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Re: [DotGNU]Implement RDF in a Universal Data Structure

From: Seth Johnson
Subject: Re: [DotGNU]Implement RDF in a Universal Data Structure
Date: Mon, 31 Mar 2003 12:30:51 -0500

James Michael DuPont wrote:
> --- Seth Johnson <address@hidden> wrote:
> > The universal data structure represents all relations as Use Types
> > that are related to Link Types, each of which may be
> > particularized into specific Uses and Links.  A particular Use of
> > a certain Use Type represents the parent record of a relation, and
> > the particular Links of a certain Link Type represent the children
> > records related to that parent record:
> >
> >    Use Type: Shopping Cart
> >    Link Type: Products Selected
> >    Use: Seth's Cart
> >    Links: Soap, Shampoo, Milk, Butter, etc.
> >
> > (This is only a piece of the structure, but it represents the core
> > generalization that all the rest stems from)
> OK, So Usage is the key abstraction. I dont understand how the shopping
> cart is the use type. Purchasing would be the use case, I think. The
> shopping cart is itself used. Otherwise, is the use type
> ShoppingCartUsage? So the usage of the shopping cart is the thing we
> are talking about. The Shampoo is what is in the cart. But what is the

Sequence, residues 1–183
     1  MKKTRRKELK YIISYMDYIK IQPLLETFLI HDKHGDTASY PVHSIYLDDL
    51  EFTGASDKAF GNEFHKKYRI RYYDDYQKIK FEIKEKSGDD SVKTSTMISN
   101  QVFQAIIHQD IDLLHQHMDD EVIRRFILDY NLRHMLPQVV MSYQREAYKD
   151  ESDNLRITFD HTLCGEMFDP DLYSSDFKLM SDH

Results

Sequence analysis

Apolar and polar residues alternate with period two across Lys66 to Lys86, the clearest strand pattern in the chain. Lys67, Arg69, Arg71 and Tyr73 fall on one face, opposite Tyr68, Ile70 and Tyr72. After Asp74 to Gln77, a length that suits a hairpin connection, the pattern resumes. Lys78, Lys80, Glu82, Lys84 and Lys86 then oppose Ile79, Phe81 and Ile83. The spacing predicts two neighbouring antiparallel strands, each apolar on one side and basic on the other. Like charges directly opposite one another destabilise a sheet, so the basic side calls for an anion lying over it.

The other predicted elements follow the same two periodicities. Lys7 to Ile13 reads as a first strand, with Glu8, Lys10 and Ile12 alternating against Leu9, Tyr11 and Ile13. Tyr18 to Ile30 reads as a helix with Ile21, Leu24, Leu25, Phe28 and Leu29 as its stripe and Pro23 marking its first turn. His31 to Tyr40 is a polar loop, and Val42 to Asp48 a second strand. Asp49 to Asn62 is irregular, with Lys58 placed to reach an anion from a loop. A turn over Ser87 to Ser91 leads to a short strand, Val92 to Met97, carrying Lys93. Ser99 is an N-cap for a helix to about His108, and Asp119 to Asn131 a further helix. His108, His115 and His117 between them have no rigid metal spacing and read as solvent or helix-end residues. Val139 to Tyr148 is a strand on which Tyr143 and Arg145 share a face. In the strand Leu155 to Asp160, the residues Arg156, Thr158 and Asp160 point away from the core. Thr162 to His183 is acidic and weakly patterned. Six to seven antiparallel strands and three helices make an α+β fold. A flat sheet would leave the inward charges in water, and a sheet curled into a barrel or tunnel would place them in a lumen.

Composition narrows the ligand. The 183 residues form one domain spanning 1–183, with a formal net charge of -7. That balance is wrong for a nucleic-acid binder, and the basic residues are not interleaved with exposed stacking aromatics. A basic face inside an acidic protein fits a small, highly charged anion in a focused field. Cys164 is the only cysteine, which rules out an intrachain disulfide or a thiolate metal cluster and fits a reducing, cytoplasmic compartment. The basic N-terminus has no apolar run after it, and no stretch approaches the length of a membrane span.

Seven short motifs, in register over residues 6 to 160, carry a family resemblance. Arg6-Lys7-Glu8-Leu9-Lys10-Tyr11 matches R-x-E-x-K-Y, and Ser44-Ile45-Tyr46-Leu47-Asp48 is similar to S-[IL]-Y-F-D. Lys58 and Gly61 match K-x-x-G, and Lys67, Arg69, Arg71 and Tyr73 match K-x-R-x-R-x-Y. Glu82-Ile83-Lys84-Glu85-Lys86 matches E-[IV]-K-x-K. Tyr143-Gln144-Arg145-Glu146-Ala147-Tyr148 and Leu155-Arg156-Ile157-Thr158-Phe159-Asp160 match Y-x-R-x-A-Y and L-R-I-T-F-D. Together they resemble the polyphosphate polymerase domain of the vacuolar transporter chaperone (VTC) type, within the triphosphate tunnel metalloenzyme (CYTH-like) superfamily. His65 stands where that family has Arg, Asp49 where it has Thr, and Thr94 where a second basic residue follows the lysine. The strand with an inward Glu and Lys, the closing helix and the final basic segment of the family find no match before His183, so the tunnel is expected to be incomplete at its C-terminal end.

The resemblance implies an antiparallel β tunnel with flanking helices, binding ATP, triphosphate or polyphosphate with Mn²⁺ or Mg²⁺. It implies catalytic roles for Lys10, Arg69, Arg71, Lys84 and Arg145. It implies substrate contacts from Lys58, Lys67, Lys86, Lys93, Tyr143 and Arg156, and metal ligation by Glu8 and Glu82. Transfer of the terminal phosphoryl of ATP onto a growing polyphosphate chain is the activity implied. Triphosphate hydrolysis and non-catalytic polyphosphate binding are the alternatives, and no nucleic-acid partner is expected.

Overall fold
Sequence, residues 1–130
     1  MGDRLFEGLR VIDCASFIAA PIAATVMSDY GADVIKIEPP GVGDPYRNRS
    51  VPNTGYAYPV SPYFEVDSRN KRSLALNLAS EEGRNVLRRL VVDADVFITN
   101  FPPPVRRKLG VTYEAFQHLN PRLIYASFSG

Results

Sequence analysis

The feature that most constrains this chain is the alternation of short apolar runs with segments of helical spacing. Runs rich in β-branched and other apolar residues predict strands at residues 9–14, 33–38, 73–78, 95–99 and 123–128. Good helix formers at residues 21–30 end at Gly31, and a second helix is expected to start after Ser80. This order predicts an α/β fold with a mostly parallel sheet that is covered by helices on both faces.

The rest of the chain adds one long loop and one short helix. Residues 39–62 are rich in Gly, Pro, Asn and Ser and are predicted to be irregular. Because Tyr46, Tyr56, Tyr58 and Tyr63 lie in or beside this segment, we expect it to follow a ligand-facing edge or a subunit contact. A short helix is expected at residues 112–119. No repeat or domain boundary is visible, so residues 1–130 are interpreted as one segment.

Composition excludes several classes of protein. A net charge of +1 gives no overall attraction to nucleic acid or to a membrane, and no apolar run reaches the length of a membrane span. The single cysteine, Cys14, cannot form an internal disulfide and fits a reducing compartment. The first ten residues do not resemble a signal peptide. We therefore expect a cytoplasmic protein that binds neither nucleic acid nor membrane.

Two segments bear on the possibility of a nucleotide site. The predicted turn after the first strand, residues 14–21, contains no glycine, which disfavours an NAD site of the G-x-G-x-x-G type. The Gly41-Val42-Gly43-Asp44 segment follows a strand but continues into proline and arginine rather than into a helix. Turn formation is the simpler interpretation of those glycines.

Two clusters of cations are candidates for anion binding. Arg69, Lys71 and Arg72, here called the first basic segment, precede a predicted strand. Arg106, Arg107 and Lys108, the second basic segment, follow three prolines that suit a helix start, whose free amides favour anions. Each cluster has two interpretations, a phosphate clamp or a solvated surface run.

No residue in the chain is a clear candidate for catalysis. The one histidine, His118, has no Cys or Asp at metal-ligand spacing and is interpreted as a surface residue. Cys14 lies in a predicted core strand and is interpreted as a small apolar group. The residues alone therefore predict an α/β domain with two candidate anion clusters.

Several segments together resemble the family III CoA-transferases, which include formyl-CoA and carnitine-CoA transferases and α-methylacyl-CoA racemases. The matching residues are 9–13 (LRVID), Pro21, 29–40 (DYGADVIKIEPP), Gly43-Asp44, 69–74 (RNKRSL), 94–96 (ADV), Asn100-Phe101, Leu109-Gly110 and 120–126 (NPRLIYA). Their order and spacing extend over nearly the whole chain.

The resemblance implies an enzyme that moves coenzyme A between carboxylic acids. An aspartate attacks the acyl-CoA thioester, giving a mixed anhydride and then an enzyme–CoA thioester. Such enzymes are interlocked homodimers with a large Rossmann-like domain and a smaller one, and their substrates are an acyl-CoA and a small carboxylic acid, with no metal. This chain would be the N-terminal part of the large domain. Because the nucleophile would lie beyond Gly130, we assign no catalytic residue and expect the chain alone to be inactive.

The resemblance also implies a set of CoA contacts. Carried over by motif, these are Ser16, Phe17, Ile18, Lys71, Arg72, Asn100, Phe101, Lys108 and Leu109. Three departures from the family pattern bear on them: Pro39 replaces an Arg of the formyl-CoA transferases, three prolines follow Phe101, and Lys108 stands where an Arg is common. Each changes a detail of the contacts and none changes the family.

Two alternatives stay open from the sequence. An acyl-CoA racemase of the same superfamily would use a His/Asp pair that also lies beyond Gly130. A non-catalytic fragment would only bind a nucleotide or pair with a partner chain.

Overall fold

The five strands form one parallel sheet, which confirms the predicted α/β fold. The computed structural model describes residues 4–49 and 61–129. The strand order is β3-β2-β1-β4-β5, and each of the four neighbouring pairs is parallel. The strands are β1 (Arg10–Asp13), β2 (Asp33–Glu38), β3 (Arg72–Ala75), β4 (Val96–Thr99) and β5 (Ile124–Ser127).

> relationship between the cart and the shampoo? Contains?
> Why not "ShoppingCart contains Shampoo"?

Okay, first, ShoppingCart>>Usage<< is implicit in the nature of the
abstraction.  I think you're talking about:

Use Type: ShoppingCartUsage
Link Type: Contains
Use: James' Cart
Links: Shampoo and stuff

You've made an RDF Predicate out of the Link Type, which I wasn't
illustrating here, tho I do illustrate RDF in my later example.  To finish
up the context to make it appropriate for RDF, you'd need the use type to
also be a general convention; i.e., Subjects in RDF nomenclature:

Use Type: Subject
Link Type: Contains
Use: James' Shopping Cart
Links: Shampoo, etc.

Once you've done that, you can query the server for all uses of the
"Subject" use type, that have links of the "Contains" link type.  That would
pull out all the triples relating subjects to objects by the "contains"
predicate.  You would get "James' Shopping Cart" plus all the items
contained in it, then "Seth's House" plus "door," "window," etc.

It seems to me that the "subject" use type serves merely to convey that the
intention of this particular context is specifically to be used for RDF.  It
doesn't seem to me that one has to limit queries to only such explicitly
RDF-intended use types and contexts, though.  More important for RDF is the
predicate, the link type which tells you exactly in what way the uses
(subjects) are related to the links (objects).

So you can actually just query the server for all uses that have links of
various "predicate" link types.  You could experiment with querying for any
old link type, too; but other contexts aren't necessarily intended to be RDF
knowledge assertions, and you would be using link types that weren't
intended as conventional RDF predicates.  It might still be fruitful; hard
to say.  Can any relationship between entities be treated as a set of RDF
assertions, even if the particular predicate type might not be specified or
might be non-standard?

When you say the use case should be purchasing, I hear you saying that the